Aug. 11, 2005 Two previously warring agencies agreed Thursday to work together to meet the deadlines mandated by the Emergency Jobs Creation and Economic Stimulus Act of 2005.
The bill — which had been vetoed by Gov. Charles W. Turnbull, but overridden by the Senate in July — mandates that the Public Services Commission and the V.I. Water and Power Authority choose a certified small power provider on St. Croix by Sept. 30 to supplement and thereby lower the cost of WAPA's exclusively fuel-generated power, which is becoming more costly by the day. Currently two-thirds of ratepayers' electric bills, via the LEAC surcharge, are going to subsidize the rising cost of fuel, something the bill seeks to change.
And just to make things more interesting, in the midst of the scramble to abide by the law, a new power provider has turned up seeking last-minute certification.
Currently there are two companies, already certified by the PSC, who are likely to contend for the contract: St. Croix Renaissance Group and Caribbean Energy Resources Corp. A third entity, Caribe Waste Technologies has also been certified as a small power producer, but is not expected to submit a proposal.
On Thursday, Antilles Energy entered the fray by requesting immediate certification so that it could also vie for the contract.
Frank P. Wilbourne III, president of Antilles Energy, and S. Glenn Farris, chief executive officer of Biomass Gas & Electric, took turns explaining the practicalities of using biomass materials and the methodology used to generate power to run WAPA's turbines.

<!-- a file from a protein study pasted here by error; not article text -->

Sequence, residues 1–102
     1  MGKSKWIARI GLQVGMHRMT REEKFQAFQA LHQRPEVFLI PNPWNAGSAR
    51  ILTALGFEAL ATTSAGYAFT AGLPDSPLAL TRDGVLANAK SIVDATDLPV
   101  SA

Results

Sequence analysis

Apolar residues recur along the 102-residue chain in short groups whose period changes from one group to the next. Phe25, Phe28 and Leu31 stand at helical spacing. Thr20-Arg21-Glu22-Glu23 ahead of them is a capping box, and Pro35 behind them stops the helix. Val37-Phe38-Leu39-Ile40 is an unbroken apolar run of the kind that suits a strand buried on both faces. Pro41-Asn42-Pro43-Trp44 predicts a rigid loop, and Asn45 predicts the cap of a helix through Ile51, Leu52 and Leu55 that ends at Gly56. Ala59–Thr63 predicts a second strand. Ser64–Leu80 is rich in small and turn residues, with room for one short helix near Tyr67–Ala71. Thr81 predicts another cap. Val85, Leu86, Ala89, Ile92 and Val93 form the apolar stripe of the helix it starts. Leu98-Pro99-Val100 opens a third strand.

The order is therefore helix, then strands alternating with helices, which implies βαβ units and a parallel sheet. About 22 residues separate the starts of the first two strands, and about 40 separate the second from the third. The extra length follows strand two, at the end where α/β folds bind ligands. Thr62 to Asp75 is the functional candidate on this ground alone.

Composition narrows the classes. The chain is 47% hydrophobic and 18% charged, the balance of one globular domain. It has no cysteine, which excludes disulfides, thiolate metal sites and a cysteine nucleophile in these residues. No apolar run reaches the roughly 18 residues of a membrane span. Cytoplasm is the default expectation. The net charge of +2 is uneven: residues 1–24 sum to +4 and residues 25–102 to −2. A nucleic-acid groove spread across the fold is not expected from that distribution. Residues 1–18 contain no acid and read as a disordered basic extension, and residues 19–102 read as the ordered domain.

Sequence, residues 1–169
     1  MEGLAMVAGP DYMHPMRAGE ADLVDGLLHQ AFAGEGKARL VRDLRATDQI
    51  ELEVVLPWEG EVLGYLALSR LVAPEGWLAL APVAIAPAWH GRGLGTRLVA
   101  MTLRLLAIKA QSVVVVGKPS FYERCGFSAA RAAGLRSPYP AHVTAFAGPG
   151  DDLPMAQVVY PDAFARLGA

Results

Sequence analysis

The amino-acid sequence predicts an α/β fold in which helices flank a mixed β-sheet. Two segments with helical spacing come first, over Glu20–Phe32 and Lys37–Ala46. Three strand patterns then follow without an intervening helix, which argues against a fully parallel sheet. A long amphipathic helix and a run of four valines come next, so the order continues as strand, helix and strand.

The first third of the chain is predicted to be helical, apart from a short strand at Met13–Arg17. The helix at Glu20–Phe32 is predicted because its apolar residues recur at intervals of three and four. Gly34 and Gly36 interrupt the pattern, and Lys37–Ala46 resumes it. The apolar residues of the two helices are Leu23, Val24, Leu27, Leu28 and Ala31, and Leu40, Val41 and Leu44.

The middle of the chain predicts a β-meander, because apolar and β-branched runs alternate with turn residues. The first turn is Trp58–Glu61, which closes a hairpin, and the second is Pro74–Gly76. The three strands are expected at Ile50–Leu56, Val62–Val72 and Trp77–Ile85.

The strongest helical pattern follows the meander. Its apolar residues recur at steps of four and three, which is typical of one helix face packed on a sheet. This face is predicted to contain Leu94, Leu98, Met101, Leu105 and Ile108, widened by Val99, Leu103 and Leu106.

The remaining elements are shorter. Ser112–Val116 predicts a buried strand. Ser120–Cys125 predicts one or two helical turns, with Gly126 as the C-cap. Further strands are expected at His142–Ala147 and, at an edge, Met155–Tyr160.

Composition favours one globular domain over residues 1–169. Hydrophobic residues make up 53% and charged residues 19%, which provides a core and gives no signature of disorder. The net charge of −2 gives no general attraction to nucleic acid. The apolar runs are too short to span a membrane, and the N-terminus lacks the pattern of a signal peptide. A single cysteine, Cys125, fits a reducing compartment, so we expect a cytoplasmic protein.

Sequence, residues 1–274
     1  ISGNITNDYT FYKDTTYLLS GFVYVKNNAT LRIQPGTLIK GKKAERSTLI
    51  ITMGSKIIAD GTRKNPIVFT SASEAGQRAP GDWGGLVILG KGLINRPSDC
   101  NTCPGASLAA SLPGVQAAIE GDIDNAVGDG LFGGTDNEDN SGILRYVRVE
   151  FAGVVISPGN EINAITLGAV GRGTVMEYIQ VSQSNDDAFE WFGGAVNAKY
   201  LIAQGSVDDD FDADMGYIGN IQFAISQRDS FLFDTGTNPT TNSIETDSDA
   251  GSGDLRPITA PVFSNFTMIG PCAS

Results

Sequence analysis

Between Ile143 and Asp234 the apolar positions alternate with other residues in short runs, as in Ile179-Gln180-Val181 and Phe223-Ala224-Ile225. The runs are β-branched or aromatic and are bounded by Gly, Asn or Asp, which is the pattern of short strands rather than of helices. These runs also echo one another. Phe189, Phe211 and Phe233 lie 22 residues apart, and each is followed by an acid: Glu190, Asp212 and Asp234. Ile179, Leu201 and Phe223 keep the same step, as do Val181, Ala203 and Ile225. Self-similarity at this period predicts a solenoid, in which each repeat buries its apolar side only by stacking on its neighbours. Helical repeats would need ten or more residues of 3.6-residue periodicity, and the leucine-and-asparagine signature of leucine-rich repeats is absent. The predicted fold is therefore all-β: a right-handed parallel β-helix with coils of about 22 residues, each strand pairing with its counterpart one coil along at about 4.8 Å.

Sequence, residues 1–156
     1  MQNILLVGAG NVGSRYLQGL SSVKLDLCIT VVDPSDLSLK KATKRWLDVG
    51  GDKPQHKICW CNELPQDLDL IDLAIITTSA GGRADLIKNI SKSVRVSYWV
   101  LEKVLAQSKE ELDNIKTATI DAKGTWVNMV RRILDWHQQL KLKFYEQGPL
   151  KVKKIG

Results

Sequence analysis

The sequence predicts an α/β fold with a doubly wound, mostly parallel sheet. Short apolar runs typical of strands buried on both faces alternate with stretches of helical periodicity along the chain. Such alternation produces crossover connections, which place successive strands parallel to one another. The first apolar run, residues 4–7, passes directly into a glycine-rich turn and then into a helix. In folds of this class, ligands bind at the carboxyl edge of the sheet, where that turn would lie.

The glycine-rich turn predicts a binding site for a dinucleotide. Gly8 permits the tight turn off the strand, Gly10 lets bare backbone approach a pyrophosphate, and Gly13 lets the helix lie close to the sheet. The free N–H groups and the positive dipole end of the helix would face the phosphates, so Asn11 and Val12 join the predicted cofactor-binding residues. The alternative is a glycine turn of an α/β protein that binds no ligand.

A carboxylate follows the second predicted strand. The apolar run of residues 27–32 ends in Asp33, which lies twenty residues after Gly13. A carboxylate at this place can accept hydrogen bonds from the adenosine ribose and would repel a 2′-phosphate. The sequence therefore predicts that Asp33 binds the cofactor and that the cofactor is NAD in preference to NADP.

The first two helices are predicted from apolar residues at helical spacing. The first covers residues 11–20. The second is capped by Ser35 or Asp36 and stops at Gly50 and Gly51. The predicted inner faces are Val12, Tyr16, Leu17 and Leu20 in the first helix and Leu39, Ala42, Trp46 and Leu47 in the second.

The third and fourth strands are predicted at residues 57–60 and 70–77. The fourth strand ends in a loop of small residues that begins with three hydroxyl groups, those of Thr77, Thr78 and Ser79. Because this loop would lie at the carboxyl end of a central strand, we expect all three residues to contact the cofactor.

On its Web site, Biomass explains the process as generating "clean medium Btu gas through the gasification of biomass feedstock. This gas can be substituted directly for natural gas in most applications, including conventional and advanced gas turbines."
The feedstock, in the case of the Virgin Islands, would mostly come from Puerto Rico's fallow sugar cane fields. In other jurisdictions where waste separation practices are in place, organic materials can also be used. The by-product, an ash, can be used to cover landfills, among other things.
Wilbourne said he had already met with May Adams Cornwall, executive director of the newly formed V.I. Waste Management Authority, who had agreed in theory that recycling which could support the biomass technology — should be explored.
Caribbean Energy Resources would burn petroleum by-products, and Renaissance, which already has a facility built on St. Croix, would use coal to generate power.
However, what Wilbourne wants is beyond the scope of what WAPA is bargaining for. Antilles Energy wants to provide all of WAPA's power, thus entirely eliminating the use of oil.